This case study captures a pressing issue in fisheries management in New Zealand. There are successes in the story: New Zealand has a Marine Mammals Protection Act; it operates around a presumption of protection for marine mammals and it provides for further protective measures for by-catch species that combine and integrate with provisions in the Fisheries Act; and a sanctuary at Banks Peninsula and some netting restrictions have been put into place.814 But, there are also abject failures: there is no population management plan, no MALFiRM or FRML has been set or proposed; the sanctuary's boundaries do not cover the full range of the Banks Peninsula Hector's dolphin population; the netting restrictions exempt harbours and are hard to enforce; and the whole process of getting anything done has been long and difficult.815
In the final analysis, all of these abject failures are attributable, wholly or partially, to weaknesses in the law. In essence, the relevant law is too tolerant of by-catch and over-values fishing interests. The law leaves too much discretion in the hands of the relevant Ministers, who must be persuaded by conservationists that there is a problem and that fishing restrictions should be considered. These deficiencies could be resolved by law reform that would result in more robust legislation that ensures better protection for by-catch species. Specific reforms that should be considered are: including in the legislation a general statement of principle supporting an overall goal of zero tolerance for by-catch, emplacing a legislative ban on by-catch so fishers are required to obtain permits to take by-catch species, enabling the Minister of Fisheries to take ‘reasonable’ (rather than only ‘necessary’) steps to protect by-catch species, enabling the Minister of Conservation to act after having consulted (but without the concurrence) of the Minister of Fisheries, and, finally, requiring the Minister of Conservation to make population management plans and introduce measures to protect by-catch species that are classified as threatened or endangered.
Law reform along these lines could enable better protection of Hector's and Maui's dolphins in the future. It would also clearly benefit other species that are adversely affected by fishing activities in New Zealand's fisheries waters, including the New Zealand Hooker's sea lion (rapoka) (Phocarctos hookeri), New Zealand fur seals (kekeno) (Arctocephalus forsteri), common dolphins (Delphinus delphis), bottlenose dolphins (Tursiops truncatus), dusky dolphins (Lagenorhynchus obscurus), and seabirds including albatross, petrels, penguins, shearwaters and gannets. Even if the law was to be reformed, it could be too late for Maui's dolphins. Something must be done for this sub-species urgently or we will be the generation that witnesses its extinction.816 This matters not only for Maui's dolphins, but also in terms of New Zealand's general record with extinctions. New Zealand has a very high level of species endemism, but also a very high level of species extinction.817 This country has an international responsibility to protect the endemic species that remain.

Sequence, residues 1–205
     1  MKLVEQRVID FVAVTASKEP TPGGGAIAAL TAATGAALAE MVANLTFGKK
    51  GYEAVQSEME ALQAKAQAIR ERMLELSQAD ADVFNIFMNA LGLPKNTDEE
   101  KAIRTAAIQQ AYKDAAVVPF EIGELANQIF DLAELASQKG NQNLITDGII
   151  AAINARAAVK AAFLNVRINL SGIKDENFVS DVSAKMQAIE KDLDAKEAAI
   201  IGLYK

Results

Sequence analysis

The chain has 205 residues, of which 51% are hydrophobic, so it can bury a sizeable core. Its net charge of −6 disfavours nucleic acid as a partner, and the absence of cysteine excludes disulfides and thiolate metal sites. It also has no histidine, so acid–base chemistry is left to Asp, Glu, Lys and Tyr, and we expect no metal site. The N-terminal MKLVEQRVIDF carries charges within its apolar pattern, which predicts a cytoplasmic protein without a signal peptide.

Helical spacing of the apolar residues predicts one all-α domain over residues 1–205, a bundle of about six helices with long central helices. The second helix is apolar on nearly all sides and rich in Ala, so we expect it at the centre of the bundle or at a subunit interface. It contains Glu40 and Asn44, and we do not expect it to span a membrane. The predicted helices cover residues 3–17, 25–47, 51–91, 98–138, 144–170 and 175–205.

783 Nicola R. Wheen, BA, LLB (Hons), LLM, is Senior Lecturer, Faculty of Law, University of Otago, Dunedin, New Zealand.
784 All information and quotes in this paragraph containing general information on Cephalorhyncus are from Wikipedia, see en.wikipedia.org/wiki (accessed 22 March 2008).
785 This is largely attributable to New Zealand's isolated evolution, see New Zealand Biodiversity Strategy (Government Printer: Wellington, 2000).
786 This information is drawn from: Dawson, S. et al. ‘The North Island Hector's Dolphin is Vulnerable to Extinction’, Marine Mammal Science, Vol 17, 2001, pp. 366–371; Slooten, E. and Dawson S. ‘Hector's Dolphin Cephalorhynchus hectori’ in S. H. Ridgeway and R. Harrison (eds.) Handbook of Marine Mammals, Vol. 5 Delphinidae and Phocoenidae (Academic Press: London, 1992); Slooten, E. and Lad, F. ‘Population Biology and Conservation of Hector's Dolphin’ Canadian Journal of Zoology, Vol. 69, 1991, pp. 1701–1708; and Hector's and Maui's Dolphin Draft Threat Management Plan – Draft for Public Consultation (Ministry of Fisheries and Department of Conservation, Wellington, 2007), pp. 17–18. The IUCN Red List is available at www.redlist.org